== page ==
Deep Sea Research Part II:- Volume 56, Issues 8-10, Pages 503-674, April 2009

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Carbon and Nutrient Fluxes in Continental Margins: A Global Synthesis, by Liu, K.-K.; Atkinson, L.; Quiñones, R.; Talaue-McManus, L. (Eds.) Series: Global Change - The IGBP Series, Springer, 2009, XII, 500 p. 278 illus., 90 in color. Hardcover, ISBN: 978-3-540-92734-1.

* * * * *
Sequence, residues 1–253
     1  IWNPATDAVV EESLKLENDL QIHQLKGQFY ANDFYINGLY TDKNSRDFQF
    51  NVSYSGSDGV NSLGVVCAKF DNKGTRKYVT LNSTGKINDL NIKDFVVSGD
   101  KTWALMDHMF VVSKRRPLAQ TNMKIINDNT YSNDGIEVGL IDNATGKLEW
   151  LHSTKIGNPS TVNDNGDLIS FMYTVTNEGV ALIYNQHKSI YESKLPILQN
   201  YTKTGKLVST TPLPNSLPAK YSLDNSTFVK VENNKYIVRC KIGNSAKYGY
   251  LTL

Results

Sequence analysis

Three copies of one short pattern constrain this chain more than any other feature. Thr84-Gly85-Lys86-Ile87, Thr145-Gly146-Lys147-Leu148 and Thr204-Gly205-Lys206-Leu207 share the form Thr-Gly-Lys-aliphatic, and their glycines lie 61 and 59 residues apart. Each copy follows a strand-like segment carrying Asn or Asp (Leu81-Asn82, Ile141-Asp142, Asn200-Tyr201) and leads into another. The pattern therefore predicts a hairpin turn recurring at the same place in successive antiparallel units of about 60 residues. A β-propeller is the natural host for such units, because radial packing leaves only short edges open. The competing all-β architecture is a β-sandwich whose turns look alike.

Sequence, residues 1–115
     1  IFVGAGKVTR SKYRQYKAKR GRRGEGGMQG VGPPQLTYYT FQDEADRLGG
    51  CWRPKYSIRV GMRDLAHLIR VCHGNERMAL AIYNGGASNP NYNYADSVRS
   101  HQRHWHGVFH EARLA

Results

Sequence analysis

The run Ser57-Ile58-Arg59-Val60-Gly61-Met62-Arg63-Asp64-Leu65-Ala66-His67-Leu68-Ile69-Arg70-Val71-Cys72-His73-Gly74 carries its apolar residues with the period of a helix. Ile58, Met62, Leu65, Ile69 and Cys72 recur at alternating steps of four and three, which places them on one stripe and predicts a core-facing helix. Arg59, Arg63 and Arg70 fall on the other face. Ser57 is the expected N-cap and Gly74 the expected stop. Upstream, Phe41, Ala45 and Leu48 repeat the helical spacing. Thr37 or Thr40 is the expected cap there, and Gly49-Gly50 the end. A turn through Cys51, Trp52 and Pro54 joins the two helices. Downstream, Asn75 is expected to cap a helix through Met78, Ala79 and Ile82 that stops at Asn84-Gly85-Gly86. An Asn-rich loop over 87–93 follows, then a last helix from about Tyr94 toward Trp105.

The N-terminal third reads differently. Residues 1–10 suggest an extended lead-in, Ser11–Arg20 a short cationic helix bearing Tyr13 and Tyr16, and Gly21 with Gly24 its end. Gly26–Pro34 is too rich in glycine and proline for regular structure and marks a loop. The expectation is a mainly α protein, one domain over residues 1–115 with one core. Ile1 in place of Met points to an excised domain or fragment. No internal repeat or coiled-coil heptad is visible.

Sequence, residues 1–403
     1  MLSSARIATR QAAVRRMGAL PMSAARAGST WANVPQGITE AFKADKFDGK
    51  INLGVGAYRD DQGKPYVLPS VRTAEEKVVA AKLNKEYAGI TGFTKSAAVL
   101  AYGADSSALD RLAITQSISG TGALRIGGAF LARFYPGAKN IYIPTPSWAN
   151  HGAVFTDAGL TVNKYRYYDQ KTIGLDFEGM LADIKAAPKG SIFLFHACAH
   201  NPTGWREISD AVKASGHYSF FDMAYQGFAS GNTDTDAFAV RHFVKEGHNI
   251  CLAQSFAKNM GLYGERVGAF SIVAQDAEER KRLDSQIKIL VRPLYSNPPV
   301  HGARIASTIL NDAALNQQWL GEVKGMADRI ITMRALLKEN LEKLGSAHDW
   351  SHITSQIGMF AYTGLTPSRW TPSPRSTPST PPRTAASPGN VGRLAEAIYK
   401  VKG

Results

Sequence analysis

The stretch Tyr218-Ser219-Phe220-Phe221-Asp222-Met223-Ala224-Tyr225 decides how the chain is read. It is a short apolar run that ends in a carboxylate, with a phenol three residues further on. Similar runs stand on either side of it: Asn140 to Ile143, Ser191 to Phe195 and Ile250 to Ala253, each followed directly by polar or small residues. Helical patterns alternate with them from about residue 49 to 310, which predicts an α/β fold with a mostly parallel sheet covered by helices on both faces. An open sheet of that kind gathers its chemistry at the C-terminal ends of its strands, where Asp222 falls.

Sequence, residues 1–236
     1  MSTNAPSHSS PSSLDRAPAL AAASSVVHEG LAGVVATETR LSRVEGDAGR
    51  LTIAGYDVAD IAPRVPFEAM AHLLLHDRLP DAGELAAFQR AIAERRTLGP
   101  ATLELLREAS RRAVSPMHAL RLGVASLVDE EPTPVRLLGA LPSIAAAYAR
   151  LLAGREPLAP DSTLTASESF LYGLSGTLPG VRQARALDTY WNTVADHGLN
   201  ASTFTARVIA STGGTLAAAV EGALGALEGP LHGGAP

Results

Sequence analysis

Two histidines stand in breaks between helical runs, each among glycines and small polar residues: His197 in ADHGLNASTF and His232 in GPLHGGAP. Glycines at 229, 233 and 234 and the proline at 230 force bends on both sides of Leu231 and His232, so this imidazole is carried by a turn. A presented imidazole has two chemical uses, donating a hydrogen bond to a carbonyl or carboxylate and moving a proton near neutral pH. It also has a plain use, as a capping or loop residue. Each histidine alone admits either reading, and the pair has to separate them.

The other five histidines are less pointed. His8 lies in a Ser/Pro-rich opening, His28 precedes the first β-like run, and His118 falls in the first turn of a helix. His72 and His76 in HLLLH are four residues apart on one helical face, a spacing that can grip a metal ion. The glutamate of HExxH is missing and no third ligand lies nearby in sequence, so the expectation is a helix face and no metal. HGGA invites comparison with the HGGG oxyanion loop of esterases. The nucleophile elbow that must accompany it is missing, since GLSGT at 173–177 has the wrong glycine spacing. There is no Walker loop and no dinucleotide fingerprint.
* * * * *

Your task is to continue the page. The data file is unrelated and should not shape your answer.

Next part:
This book provides perspectives on the role of continental margins in the Earth's biogeochemical system as well as highlights of biogeochemical functionality in representative regional settings. More than 150 experts contributed best estimates of carbon and nutrient fluxes in seven types of continental margins, including the eastern and western boundary current systems, the polar and subpolar margins, the tropical and Indian Ocean margins and the marginal seas. In each type of continental margin, the biogeochemical fluxes are reported in detail for 3-7 representative geographic regions, each characterized by concise descriptions of the physical and biogeochemical settings. Drawn from the regional syntheses, a global synthesis of carbon fluxes exchanged between margins and the open ocean and between margins and the atmosphere has been developed. Global syntheses on sediments and nutrients discharged to the ocean from land are also provided. To guide future research on continental margin biogeochemistry, the book also elaborates on several critical themes that have emerged in recent years. One of these is the human impact on the continental margin biogeochemistry, which accentuates the need to include human perturbation of the system in future research. Thus, the book presents state-of-the-art information, which will be needed by all researchers of continental margin biogeochemistry and environmental issues. The book, scheduled for publication in July 2009, will be supplemented with electronic resources at publicly accessible web sites.